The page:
Jaz - Not too distant past, you zipped me for suggesting the replacement of one 6x6 floor tile in a non-wet location and I suggesting mastic.
I don't recall that incident, but it makes sense that I would say that. The reason is obvious to me. Mastic stays soft for a long time and shouldn't be used on floors.

I'd recommend thinset for this thread too, if there wasn't mastic on the wall already. Although it might still work, no sense taking a chance.

Mastic is not rated for wet area, be it tub or shower. 95% of tub situations are used as showers so in my book there is no distinction.
Actually for type 1 & even type 2 mastics that's not true. They can be used in "intermittent wet" areas, just not on wet floor applications. There's a big difference between tub surrounds and stall showers. Most of the damage in showers happens to the floor, curb and the 1st foot up. Tub surrounds are not as prone to failure , even when not done to high standards. Plus Michael already said it's a guest bathroom that rarely gets used and wants to keep it as simple a he can and there's no evidence of mastic failure in the old job.

Michael, your choice about starting over. You can certainly do that. Did that tub edge clean up well?

Jaz
 
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Old 12-30-14, 03:59 PM
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Michael, your choice about starting over. You can certainly do that. Did that tub edge clean up well?
Yes, the tub is fine.

Are you saying you think it would be okay if I stick with mastic for the new tile?

I have never used mastic before and was hoping to use thin set just because it is what I am used to.

There are divots in some places where the cement board came off on the back of the tile. I would have to fill those in if I didn't replace the cement board. That and dealing with this old mastic is making me think new cement board might be the best option as much as I was hoping to avoid that.
 
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Old 12-30-14, 04:07 PM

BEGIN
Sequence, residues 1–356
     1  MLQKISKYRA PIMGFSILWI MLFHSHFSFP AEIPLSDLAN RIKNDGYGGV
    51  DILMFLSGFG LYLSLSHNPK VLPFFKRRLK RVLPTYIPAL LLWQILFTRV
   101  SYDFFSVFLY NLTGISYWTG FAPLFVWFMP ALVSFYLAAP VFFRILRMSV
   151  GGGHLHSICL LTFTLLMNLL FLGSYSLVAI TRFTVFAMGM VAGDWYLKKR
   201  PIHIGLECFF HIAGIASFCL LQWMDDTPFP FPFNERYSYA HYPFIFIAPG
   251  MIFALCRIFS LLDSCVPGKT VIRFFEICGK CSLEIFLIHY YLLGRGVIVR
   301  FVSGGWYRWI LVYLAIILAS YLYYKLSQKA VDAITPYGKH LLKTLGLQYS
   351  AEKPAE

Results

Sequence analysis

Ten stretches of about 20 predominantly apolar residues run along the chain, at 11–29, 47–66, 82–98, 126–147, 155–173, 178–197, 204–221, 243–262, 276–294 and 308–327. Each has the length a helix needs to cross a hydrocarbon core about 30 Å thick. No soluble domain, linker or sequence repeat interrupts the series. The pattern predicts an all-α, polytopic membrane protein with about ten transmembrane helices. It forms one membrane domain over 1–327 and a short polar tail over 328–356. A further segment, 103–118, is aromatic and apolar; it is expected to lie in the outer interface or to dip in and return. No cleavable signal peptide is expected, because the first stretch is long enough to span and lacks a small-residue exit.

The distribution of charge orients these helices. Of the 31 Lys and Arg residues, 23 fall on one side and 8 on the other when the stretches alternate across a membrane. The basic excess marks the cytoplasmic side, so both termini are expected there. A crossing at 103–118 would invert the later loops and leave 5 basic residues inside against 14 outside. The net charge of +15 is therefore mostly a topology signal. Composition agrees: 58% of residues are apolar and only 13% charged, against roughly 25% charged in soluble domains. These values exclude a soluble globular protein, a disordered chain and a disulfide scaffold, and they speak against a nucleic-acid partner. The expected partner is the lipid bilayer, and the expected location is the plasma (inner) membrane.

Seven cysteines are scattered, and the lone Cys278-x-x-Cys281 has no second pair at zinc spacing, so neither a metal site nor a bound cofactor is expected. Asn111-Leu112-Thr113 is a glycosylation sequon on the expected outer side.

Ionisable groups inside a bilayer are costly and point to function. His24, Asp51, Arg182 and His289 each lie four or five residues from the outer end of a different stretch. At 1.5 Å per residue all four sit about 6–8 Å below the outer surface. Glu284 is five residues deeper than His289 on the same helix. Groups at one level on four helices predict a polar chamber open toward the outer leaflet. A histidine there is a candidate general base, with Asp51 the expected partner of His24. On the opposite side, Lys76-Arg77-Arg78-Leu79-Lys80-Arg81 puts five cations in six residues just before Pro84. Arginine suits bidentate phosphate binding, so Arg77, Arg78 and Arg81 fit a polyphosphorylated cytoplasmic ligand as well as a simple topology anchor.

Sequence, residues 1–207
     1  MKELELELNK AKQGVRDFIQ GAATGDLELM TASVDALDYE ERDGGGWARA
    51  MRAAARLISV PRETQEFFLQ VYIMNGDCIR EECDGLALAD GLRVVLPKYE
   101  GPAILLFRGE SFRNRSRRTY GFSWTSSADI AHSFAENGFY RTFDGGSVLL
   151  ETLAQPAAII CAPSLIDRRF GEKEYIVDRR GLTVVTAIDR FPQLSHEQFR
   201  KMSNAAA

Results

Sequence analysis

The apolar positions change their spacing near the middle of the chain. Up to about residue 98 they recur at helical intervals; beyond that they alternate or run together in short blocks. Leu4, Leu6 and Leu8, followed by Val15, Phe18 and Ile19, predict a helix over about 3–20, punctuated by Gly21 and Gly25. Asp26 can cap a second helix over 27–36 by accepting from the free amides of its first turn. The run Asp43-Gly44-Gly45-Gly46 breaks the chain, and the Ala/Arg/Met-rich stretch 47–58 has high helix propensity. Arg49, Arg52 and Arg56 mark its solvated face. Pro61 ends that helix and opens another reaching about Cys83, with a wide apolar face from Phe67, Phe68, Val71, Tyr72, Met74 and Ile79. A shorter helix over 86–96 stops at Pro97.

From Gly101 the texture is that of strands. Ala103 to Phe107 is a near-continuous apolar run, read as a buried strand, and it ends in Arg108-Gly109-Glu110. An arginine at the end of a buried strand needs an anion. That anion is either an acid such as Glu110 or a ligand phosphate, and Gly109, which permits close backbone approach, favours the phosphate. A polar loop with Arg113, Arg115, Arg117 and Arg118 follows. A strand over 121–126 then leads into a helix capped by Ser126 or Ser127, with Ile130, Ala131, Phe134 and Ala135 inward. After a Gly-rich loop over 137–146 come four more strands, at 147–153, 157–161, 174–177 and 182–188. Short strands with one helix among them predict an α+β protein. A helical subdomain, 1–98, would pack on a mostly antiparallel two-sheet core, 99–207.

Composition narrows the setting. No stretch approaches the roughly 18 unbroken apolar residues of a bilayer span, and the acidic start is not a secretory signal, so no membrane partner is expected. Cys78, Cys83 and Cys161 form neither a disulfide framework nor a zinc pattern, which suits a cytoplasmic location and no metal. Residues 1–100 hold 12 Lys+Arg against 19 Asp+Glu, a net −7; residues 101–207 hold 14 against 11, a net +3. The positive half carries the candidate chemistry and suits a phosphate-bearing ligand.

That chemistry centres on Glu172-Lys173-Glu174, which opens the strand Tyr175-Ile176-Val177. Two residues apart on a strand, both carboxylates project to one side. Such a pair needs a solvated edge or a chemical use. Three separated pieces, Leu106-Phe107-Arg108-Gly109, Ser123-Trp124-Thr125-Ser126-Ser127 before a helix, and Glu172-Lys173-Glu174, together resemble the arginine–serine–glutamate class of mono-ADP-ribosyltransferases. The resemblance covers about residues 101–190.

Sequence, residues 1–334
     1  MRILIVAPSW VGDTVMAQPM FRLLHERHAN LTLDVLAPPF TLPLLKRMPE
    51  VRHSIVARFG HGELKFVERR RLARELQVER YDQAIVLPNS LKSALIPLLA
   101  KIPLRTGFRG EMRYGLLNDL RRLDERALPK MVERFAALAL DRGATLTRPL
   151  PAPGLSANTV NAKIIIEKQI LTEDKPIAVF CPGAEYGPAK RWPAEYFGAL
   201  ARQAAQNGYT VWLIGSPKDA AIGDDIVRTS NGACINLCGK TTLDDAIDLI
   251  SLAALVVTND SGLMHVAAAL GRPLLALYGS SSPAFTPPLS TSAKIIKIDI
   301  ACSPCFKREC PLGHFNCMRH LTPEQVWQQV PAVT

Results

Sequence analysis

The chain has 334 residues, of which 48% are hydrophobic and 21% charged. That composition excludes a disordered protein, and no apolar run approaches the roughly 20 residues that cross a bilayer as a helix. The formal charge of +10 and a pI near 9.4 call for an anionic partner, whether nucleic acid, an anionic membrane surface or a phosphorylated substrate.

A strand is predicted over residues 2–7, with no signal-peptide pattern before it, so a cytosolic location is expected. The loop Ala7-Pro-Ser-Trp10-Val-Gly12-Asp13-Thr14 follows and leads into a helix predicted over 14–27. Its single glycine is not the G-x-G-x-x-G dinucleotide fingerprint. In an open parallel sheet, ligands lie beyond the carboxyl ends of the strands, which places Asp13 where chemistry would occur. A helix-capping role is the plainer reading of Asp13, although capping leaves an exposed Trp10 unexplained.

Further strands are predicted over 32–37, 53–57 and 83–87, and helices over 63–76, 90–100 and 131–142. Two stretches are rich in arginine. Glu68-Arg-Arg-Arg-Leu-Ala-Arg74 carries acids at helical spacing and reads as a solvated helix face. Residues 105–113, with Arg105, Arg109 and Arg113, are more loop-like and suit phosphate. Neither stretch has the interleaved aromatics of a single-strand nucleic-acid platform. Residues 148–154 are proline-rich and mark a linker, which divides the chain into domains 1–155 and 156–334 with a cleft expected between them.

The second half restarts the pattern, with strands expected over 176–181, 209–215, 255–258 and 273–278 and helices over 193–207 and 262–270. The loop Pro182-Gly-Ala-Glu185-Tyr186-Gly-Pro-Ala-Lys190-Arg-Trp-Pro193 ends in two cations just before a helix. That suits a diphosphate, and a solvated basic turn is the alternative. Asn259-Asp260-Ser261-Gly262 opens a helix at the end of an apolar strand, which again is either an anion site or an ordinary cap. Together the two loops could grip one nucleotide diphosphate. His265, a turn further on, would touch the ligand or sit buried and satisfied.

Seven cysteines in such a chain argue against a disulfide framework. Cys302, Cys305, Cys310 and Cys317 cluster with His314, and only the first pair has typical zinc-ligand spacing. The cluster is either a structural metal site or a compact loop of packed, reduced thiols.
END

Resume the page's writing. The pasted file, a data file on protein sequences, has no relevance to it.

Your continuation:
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In August, I demo'd a shower that used mastic. To get the tiles off the cement board, I used one hand and a light touch - the tiles literally fell off the wall. I actually used one hand to remove tile, and the other to video tape so I could show the owners when they came home. The mastic was still wet 48 up the wall. All the fasteners were rusted and I did not feel comfortable using what was there. I pulled all the cement board from the wet location and replaced.

Here was that demo - http://vid282.photobucket.com/albums/kk246/czizzi/IMG_0820_zpswsddbqiy.mp4
 

Last edited by czizzi; 12-30-14 at 05:27 PM. Reason: Add Video Link
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Old 12-30-14, 05:29 PM
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Half the battle for us is convincing people to do a little more work than they expected so the job can be done using best-practice. You are willing to do just that. So go ahead, you won't be disappointed. You'll save yourself the trouble of scraping mastic bumps and while you're at it you can check and fix any out of plane studs. Since you're going with larger tiles the walls will need to be very flat.

Good example czizzi refers too. The same thing has happened with thinset when not done right. I've seen tiles set with thinset buckled out away from the wall an inch or two held together only by the grout. Remove one tile and down they come. I removed 3 bathroom floors in the same house done with mud base and thinset using only a small flex putty knife. The homeowner was amazed as he video'd the process.

So this time be sure to also tape the seams and apply a surface waterproofing too.

Jaz